Monastic communities have always been spacious places in a crowded world. That space was certainly what drew me to Benedictine life. My whole life I had been driven by a longing so deep and powerful that I couldn’t find a name for it. This longing was a burning secret at the center of my life. And every context in which I found myself was simply too small to hold it, or to hold me.  For much of my life I felt as if I were living on the margins, because there just wasn’t enough room.

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some thoughts on contemplation

I’ll make my curmudgeonly confession: I am over the word “contemplation.” If I never hear it again, that’s fine with me.

The word used to have a specific, even technical meaning within the context of Christian spirituality. Now it’s a trendy hashtag. It signals to readers, skeptics, and the spiritually curious that this Christianity is not like that Christianity. This Christianity is politically progressive, at home with metaphor, and engaged in deeper matters of the heart and spirit than fundamentalism.

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a simple lesson

Two weeks ago I returned from California. The pit of my stomach clenched in anxiety and dread nearly the entire trip home. I got back to the monastery about 6pm and went straight to my room and closed the door. I didn’t want to see anyone, because I thought I might burst into tears.

It was an unusual experience for me. Never before have I felt sad to return home.

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I’ll just have a rest

I’ve been teaching and writing about prayer and the spiritual life for about five years now. It’s such a short time really. And as it goes on, I realize more and more that I know very little about prayer, God, or the spiritual life.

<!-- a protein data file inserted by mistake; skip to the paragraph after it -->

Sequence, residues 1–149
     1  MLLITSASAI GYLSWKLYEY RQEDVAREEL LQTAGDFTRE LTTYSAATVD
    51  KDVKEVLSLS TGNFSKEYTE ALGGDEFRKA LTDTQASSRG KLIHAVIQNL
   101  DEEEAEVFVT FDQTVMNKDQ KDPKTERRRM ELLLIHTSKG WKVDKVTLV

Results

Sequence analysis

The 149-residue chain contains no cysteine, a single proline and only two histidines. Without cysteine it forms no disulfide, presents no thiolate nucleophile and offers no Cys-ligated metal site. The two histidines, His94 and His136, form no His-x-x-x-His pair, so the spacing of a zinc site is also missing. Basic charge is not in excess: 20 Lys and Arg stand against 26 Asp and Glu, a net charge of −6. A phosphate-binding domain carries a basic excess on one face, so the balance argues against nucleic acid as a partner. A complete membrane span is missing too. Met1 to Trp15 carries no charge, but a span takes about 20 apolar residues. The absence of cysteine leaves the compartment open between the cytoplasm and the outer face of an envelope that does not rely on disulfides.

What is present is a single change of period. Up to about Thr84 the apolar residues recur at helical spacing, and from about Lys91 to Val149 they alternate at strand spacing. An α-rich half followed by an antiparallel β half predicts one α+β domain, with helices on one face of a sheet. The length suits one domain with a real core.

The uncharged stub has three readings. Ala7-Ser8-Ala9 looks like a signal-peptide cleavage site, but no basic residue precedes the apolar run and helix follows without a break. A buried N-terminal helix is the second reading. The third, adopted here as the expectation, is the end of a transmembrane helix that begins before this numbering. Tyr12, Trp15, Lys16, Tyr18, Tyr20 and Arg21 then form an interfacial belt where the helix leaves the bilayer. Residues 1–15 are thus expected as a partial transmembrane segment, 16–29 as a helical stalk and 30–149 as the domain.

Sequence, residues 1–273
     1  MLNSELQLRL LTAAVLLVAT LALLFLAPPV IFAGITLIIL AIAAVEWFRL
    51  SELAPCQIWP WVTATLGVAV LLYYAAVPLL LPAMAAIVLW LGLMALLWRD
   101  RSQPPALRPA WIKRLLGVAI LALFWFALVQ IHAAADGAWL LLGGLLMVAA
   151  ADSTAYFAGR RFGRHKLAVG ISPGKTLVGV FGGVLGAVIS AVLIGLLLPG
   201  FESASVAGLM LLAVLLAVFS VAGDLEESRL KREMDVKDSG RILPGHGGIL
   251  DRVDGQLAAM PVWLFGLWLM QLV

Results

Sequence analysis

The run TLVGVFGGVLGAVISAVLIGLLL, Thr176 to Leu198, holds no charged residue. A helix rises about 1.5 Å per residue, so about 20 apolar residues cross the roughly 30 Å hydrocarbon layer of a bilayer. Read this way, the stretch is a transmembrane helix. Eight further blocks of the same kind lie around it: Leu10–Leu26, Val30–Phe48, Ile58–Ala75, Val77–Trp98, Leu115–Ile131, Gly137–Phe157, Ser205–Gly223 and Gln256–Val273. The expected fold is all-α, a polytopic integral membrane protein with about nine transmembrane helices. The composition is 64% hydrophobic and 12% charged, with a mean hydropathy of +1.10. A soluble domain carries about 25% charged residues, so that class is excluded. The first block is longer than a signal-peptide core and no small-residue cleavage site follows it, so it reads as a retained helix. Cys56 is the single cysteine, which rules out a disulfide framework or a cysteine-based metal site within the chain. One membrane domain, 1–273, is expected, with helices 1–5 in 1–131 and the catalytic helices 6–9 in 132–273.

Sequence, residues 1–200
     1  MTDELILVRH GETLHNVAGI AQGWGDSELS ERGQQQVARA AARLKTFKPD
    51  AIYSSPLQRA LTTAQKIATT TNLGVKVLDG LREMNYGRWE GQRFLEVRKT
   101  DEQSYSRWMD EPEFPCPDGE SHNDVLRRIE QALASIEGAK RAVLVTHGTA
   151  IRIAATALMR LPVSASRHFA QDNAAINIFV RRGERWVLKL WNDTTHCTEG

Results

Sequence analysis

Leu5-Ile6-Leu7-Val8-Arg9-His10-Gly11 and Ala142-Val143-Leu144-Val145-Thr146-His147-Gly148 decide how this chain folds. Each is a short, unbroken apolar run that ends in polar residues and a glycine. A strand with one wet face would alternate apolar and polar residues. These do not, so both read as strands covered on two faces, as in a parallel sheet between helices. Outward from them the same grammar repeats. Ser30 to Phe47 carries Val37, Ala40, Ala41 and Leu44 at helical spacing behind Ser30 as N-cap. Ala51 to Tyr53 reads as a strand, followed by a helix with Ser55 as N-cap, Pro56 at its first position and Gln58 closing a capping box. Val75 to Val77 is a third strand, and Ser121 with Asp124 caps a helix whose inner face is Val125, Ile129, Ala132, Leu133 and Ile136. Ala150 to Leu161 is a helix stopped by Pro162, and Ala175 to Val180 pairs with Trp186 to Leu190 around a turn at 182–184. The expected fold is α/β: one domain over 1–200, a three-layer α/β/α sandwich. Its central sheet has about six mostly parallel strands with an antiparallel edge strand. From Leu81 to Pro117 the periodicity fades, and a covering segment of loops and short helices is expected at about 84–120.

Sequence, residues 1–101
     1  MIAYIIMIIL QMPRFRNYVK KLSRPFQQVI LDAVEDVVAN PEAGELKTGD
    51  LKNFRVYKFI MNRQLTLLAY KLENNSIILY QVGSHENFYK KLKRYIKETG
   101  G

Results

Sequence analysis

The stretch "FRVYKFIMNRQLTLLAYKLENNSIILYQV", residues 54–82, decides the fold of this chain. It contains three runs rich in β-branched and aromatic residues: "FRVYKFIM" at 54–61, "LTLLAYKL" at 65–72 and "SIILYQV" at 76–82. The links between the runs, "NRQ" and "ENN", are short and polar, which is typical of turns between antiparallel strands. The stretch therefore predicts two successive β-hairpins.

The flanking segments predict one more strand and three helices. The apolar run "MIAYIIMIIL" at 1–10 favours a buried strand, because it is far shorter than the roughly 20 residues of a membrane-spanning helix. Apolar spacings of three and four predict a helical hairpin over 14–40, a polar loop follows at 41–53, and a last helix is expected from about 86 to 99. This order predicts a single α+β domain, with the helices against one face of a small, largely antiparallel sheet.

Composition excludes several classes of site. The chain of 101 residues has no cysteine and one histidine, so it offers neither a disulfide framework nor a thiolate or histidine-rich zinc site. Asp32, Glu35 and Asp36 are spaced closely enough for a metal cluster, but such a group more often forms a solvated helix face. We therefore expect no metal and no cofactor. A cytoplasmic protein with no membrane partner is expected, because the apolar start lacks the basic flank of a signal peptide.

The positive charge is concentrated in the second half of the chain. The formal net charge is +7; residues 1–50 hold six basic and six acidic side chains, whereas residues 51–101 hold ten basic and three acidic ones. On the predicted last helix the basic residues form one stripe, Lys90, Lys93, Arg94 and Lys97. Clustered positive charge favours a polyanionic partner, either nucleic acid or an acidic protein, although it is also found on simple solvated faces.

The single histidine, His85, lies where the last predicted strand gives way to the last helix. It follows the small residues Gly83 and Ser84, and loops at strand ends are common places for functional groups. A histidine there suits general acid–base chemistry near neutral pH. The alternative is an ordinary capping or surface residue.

Just before Holy Week, I had the great pleasure of joining Martin Smith’s Compassiontide retreat. In the presence of this mature, authentic teacher, I could see my own immaturity even more clearly. I don’t say all this to put myself down, or to compare myself unfavorably, at 35, to a man who has been praying, writing, teaching, and living the Christian life for a long time. I say it because it’s true. Moreover, it’s a truth I find immensely comforting and hopeful, short-circuiting, as it does, my spiritual ambition, greed, and self-importance.

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fatherlove

We put my father’s ashes in the columbarium two days before my 35th birthday.

Dad would have laughed to see a small crowd of monks gathered around, saying prayers for him, commending his remains to their final rest until the Last Great Day.

I don’t know that he even believed in a Last Great Day. Like any Irish boy from Bayonne, he’d been raised Catholic. It didn’t stick. He was your typical free spirit—untethered and unmoored. He never went in much for obligation, never wanted to be tied down.

A week before he died, I got a text from his sister telling me he was fading. I was in Ireland, having led a knitting retreat for 20 women from all over the world. My dad was in Portland, dying of metastatic cancer so diffuse within him by the time they caught it that they couldn’t figure out where it started. Judy never called or texted. I knew it was important, so I called immediately.

My dad’s voice was breathy and heavy.

“Son, do you think Jesus forgives me?”